An official website of the United States government
Here's how you know
A .mil website belongs to an official U.S. Department of Defense organization in the United States.
A lock (lock ) or https:// means you’ve safely connected to the .mil website. Share sensitive information only on official, secure websites.

Home : News : Features : Display
NEWS | July 16, 2013

Lifestyle fitness: Weight lifting and weight loss

By Airman 1st Class Austin Harvill 633rd Air Base Wing Public Affairs

After properly setting up a diet and preparing for a workout, it is time to hit the gym and start building a better body.

Tony Arroyo, the exercise physiologist at Langley Air Force Base's, Va., Health and Wellness Center, and Bob Ornelaz, the Fit-to-Win instructor at Fort Eustis, Va., provided the tools for anyone to build lean muscle and trim body fat.

"Everyone is different when it comes to what a specific diet and exercise plan will do," said Arroyo. "However, there are a few guidelines to building lean muscle mass and simultaneously losing fat."

Arroyo stressed the importance of weight lifting for both fat loss and muscle building, and explained how resistance can be used to burn fat, not just build muscle.

Weight lifting can be divided into three different categories: maximum strength, hypertrophy or endurance training, said Arroyo. Power training is a variation of maximal strength training, however it utilizes slightly different exercises.

Maximum strength is ideal for athletes wishing to increase their overall strength and pack on more lean muscle. Max-strength workouts consist of four to six sets of one to five repetitions. Lifters should be lifting 85 to 100 percent of the one-repetition maximum in order to get the best benefit from these workouts, and they should rest three to five minutes between each set.

Max strength lifting is great for muscle building, but Arroyo suggests it may not be for everyone.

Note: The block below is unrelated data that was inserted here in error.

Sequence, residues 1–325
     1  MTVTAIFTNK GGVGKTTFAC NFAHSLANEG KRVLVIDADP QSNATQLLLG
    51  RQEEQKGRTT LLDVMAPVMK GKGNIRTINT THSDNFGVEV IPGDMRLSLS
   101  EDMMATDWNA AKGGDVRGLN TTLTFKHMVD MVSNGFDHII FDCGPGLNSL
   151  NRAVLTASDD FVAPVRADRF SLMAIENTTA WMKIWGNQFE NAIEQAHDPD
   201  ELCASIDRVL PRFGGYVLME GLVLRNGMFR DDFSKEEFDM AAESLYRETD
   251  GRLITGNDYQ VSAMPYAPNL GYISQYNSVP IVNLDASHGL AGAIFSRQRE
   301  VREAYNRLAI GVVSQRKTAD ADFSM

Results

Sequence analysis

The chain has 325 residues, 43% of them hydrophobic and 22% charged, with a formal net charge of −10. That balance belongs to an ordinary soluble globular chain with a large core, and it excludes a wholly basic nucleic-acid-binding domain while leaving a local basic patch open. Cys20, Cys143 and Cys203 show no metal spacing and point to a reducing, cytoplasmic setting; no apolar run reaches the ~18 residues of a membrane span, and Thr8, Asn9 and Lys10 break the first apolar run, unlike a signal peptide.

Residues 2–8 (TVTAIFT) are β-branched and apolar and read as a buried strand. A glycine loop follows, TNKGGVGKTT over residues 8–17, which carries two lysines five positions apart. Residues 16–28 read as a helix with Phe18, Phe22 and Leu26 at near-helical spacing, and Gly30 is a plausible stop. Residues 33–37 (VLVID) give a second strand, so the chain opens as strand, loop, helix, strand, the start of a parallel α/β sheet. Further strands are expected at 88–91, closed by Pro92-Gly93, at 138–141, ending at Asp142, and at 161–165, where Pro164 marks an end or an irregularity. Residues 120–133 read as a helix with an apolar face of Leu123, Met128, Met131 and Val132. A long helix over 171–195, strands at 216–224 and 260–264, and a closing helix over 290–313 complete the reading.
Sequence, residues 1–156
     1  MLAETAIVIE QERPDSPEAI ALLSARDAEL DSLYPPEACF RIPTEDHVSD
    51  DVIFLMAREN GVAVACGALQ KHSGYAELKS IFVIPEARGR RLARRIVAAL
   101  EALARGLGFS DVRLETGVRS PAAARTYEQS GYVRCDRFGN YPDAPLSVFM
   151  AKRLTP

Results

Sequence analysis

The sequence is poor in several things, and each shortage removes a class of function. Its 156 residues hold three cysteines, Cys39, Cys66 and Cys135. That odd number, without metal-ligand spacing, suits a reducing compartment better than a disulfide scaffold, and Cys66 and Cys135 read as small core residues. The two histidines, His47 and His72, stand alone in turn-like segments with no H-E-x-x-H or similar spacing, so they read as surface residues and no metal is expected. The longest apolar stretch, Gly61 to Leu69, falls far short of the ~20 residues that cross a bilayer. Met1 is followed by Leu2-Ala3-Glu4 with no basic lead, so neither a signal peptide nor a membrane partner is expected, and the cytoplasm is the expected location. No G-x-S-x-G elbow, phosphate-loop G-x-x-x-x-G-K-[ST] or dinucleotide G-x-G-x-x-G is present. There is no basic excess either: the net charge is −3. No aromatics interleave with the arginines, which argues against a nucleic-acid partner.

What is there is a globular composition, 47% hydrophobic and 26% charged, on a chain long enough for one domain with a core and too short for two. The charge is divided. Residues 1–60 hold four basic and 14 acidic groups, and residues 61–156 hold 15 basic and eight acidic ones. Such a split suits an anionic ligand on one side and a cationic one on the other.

"Lifting extremely heavy weights can be dangerous for someone unfamiliar with workout, so I usually don't recommend these workouts for a newer lifter," said Arroyo.

On the opposite side of the spectrum, endurance training utilizes lighter weights and more repetitions. A typical endurance-focused workout consists of one to three sets of 12 to 25 repetitions each, said Arroyo. Athletes should lift around 40 to 70 percent of their one-repetition maximum and rest for a short 30 to 60 seconds. Endurance training benefits more cardio-centric athletes who typically exercise for an hour or more at any time.

"Marathon runners can really benefit from these types of exercises," said Arroyo. "Without weight training, they might experience more fatigue not in their legs, but in their cores and other parts of their body."

In addition to aiding runners, endurance training can help newer lifters get more accustomed to different exercises and build a strong foundation for future weight lifting, said Arroyo.

Hypertrophy training combines the two types of training into a more jack-of-all-trades routine. Hypertrophy routines consist of three to four sets of eight to 12 repetitions. Lifting about 70 to 85 percent of the one-repetition maximum yields the best results, and lifters should give themselves 45 to 90 seconds of rest.

"Hypertrophy is great for athletes just looking for a good, all-around workout routine," said Arroyo. "Combining a hypertrophy routine with a steady cardiovascular program can lead to a toned physique over time."

Ornelaz explained the simplicity of cardiovascular strengthening exercises individuals can use to partner with their muscle building routine.

"Exercising for 20 minutes or more at 65 to 80 percent of your maximum heart rate will help build cardiovascular strength," said Ornelaz. "This will also help you lose fat, improve lung capacity and make your entire cardiovascular system stronger, not just your heart."

Cardio exercises are numerous, and any exercise that brings the heart rate to the appropriate level counts as a cardio-intensive exercise.

"A lot of people think of running when they need to lose weight," said Arroyo. "But that just isn't necessarily true. People can do interval training, cycling, swimming, rock climbing and whatever else to get the results they desire."

Arroyo said he recommends mixing up cardio-instensive workouts by switching his equipment every so often. For instance, run for 10 minutes, cycle for another 10 and then end workouts with the rowing machines.

Understanding the aspects of fitness can help anyone can lead a healthier lifestyle. More so, adhering to fitness as a lifestyle provides Service members the tools most critical to success in every mission: themselves.